So Lydia’s baby Samuel is now three weeks old – the present we gave him, a Steiff teddy bear, was on the Post on Monday, here. And indeed in Samuel’s honour we are having a week of classic toys on the Post, having last week had a week of the Bauhaus toy/nursery furniture designer Alma Buscher.
We are managing pretty well in the office, Hazel and Rosie and I, supplemented at various times by a team of other Persephone girls who come in for half a day or a day. Everyone has their allotted task, ranging from doing the book count to the e-book royalties to inputting email addresses to working out how to use a barcode scanner (we never have and think it’s time we started). Meanwhile Hazel and Rosie database the orders and send them out, receive books from our distributor and send other books to them if their stock needs replenishing. Most important of all they serve customers in the shop. As well as doing the book count Fran 2 makes sure that Fran’s Bookshop (go to Instagram and type it in) and Persephone Books have a subtle synergy. Fran 1 is not here this week because she is doing publicity for her book (cf. below).
‘And how are you’ people ask and apart from saying, heartbroken about Brexit we are pretty fine. We shall drape the shop in black ribbon on January 31sr and are unlikely ever to ‘get over’ leaving Europe (please don’t tell us to do so). But life goes on and of course in our little Bloomsbury bubble nothing much will change but goodness me it’s painful and upsetting to think what a laughing-stock the English have become. However, we did our best and are proud of that.
The most cheering thing was the film of Little Women. It is fabulous and we shall be going again soon. The FT had an article about Greta Gerwig here; and all those men who refuse to give her the top prize for her directing will realise one day how stupid they look. The Two Popes was good, though curious. The Guardian had a list of the top fifty films of the year. Little Women was fourth, ‘an absolute gem. An instant five-star classic… This is a film forever in an ecstatic rush’ (not quite sure what that means, but it sounds positive).
Our friend, and Persephone preface writer, Lyndall Gordon is in Princeton reading the newly-opened letters TS Eliot wrote to Emily Hale. On the same day the letters were opened, Harvard released a slightly ungenerous letter from Eliot saying he had never loved Emily anyway. It was a pity he wrote that. Far better just to say – we were young and in love, then we weren’t young and weren’t in love. And, if you are a great poet, just leave it at immortalising the unconsummated affair in great poetry, as in ‘Burnt Norton’:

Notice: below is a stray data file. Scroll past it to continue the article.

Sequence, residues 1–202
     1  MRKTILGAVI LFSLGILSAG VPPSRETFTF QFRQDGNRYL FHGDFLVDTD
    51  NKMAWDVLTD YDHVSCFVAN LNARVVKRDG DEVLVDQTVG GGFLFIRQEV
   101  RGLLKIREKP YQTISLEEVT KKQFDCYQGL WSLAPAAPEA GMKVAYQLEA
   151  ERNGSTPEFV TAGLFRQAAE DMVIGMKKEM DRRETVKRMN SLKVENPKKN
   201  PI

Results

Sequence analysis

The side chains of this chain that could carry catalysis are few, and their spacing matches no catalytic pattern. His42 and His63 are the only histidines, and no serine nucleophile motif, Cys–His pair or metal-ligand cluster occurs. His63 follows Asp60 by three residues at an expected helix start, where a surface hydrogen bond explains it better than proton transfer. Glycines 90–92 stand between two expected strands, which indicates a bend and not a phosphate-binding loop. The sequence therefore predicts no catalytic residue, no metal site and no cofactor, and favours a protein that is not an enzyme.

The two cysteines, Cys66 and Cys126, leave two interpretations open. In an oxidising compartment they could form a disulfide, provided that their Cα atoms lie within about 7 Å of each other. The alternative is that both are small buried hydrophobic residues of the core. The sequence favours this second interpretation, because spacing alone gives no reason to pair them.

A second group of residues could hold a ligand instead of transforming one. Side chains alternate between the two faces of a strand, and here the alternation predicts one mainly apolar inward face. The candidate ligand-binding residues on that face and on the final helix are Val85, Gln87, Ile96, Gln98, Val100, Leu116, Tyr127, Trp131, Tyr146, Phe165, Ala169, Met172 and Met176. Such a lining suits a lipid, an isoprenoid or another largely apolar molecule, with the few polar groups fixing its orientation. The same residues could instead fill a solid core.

What might have been is an abstraction
Remaining a perpetual possibility
Only in a world of speculation.
What might have been and what has been
Point to one end, which is always present.
Footfalls echo in the memory
Down the passage which we did not take
Towards the door we never opened
Into the rose-garden. My words echo
Thus, in your mind.
‘Footfalls echo in the memory’: we are very happily lapping up the reviews of Francesca Wade’s book about five women who lived in Mecklenburgh Square round the corner from the shop. The book is Square Haunting and it is fascinating and of course neighbourly. We sell it in the shop (and if you came in on a Wednesday you would find Fran working here and she could sign it for you). Here is the Observer review and here the New Statesman. This is the square nowadays except you have to live there to be able to sit in the garden.
And below is a newly-surfaced 1943 painting by LS Lowry called The Mill, Pendlebury. It was bought by the mathematician Leonard Hamilton who took it with him when he went to live in America in 1949. It’s being sold on 21 January, should there be anyone who reads this Letter and thinks in millions.
We sell the book about Brenda Hale in the shop. It’s called Equal to Everything: Judge Brenda and the Supreme Court, which is not a madly good title for a very subtle and charming book – about one of the most inspirational women of our era. There was an article about Lady Hale in the Guardian here, for those abroad who don’t know about this wondrous woman.
The Economist had a piece about typefaces. We were pleased about the quote from Mrs Shaw, who runs a museum devoted to the printing industry called The Type Archive. She says: ‘You can’t read Trollope in Times Roman. It’s an outrage. It has to be Baskerville or Fournier.’ Since all our re-set books use Baskerville we liked that quote very much!
Finally, who feels like a new rug for the New Year based on Anni Albers’s 1926 Study? It’s the textile design we used for On the Other Side, is manufactured by Christopher Farr and can be bought from the Conran Shop.
59 Lambs Conduit Street